The Life, Death, and Afterlife of the Author
Case 1: The dramatist Harold Pinter was once asked what all his plays were about, and he blurted out "The weasel under the cocktail cabinet." He later said he was amused to find that flippant response being analyzed by critics, because "for me the remark [about the weasel] meant precisely nothing."
Which of these quotes from Pinter would be 100% true?
Case 2: T.S. Eliot wrote desperate, disjointed poetry when he was a young man. While his life had its dramatic points (his fist wife died in a mental institution after spending several years there; he never visited her), he had a happy second marriage, enjoyed considerable literary success, and more people today know his work through the musical Cats (which was based upon his lighter poetry).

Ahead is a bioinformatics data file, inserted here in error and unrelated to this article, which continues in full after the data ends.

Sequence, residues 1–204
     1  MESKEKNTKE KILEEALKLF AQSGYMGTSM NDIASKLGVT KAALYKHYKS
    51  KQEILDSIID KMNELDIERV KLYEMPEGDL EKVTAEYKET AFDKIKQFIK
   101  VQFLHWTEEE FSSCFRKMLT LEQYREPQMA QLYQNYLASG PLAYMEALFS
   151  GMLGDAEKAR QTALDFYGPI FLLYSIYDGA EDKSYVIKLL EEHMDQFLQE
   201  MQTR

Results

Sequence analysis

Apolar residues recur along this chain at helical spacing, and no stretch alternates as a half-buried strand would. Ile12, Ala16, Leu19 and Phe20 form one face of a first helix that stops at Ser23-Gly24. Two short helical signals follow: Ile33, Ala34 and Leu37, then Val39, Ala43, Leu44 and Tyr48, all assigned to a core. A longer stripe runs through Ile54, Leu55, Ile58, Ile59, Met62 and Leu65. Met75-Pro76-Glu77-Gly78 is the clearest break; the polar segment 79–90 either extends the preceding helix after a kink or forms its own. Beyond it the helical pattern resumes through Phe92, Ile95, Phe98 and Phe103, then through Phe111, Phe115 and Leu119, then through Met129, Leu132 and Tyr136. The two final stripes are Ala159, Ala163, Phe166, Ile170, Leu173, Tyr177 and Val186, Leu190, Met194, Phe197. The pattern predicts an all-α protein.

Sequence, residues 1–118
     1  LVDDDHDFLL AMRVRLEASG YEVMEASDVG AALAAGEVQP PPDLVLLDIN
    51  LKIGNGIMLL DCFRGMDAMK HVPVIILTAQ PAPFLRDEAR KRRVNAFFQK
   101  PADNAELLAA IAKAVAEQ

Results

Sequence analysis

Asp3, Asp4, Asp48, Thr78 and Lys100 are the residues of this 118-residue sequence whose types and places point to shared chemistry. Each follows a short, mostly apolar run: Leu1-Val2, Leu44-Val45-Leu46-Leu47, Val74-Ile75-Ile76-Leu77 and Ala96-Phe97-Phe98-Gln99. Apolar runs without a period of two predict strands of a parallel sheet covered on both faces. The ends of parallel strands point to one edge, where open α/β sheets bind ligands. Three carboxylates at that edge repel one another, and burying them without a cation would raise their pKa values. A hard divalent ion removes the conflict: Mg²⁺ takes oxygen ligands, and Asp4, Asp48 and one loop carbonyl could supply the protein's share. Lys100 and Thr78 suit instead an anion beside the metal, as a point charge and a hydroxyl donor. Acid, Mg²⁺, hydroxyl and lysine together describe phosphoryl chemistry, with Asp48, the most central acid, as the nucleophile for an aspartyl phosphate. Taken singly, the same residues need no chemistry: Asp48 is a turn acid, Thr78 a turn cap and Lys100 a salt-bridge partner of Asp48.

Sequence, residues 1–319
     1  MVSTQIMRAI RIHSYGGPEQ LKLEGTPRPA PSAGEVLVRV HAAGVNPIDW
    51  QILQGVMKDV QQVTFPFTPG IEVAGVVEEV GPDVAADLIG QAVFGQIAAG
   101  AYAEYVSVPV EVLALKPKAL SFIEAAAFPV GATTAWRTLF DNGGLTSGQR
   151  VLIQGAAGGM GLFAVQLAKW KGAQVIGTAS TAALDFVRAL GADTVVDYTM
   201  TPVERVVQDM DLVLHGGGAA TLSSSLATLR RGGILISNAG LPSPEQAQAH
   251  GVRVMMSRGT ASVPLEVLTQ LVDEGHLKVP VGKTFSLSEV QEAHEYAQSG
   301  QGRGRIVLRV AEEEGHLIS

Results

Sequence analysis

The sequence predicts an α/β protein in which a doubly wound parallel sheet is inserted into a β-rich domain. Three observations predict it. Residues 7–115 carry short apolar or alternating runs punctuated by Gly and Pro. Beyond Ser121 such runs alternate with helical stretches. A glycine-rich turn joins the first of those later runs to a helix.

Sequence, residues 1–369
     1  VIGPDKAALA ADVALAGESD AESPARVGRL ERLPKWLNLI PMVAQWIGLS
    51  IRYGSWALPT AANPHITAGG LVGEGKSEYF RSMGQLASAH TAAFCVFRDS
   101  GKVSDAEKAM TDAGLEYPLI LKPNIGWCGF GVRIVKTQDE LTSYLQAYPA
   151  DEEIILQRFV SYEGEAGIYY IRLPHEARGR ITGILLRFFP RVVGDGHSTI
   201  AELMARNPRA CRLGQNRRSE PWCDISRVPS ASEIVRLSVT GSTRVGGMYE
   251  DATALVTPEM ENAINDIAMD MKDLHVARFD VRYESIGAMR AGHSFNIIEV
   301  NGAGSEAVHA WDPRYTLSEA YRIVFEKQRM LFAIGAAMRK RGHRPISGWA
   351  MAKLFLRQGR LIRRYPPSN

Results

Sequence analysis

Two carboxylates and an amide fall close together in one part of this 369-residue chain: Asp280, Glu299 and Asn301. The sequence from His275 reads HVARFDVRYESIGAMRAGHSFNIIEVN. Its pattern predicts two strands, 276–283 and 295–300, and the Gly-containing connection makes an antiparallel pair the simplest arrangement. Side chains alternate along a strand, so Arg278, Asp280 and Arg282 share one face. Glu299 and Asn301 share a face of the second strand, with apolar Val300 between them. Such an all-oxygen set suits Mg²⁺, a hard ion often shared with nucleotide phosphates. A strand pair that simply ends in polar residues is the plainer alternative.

Permit me to speculate.
Let us imagine that, after spending many decades in comfort, enjoying the respect and admiration of the literary world, Eliot wrote a few lines that dismiss as insignificant the early poetry that he wrote as a desperate and angry 22-year-old. Would those lines be more or less valid than the opinion of an angry 22-year-old of today who finds the same poem life-changing?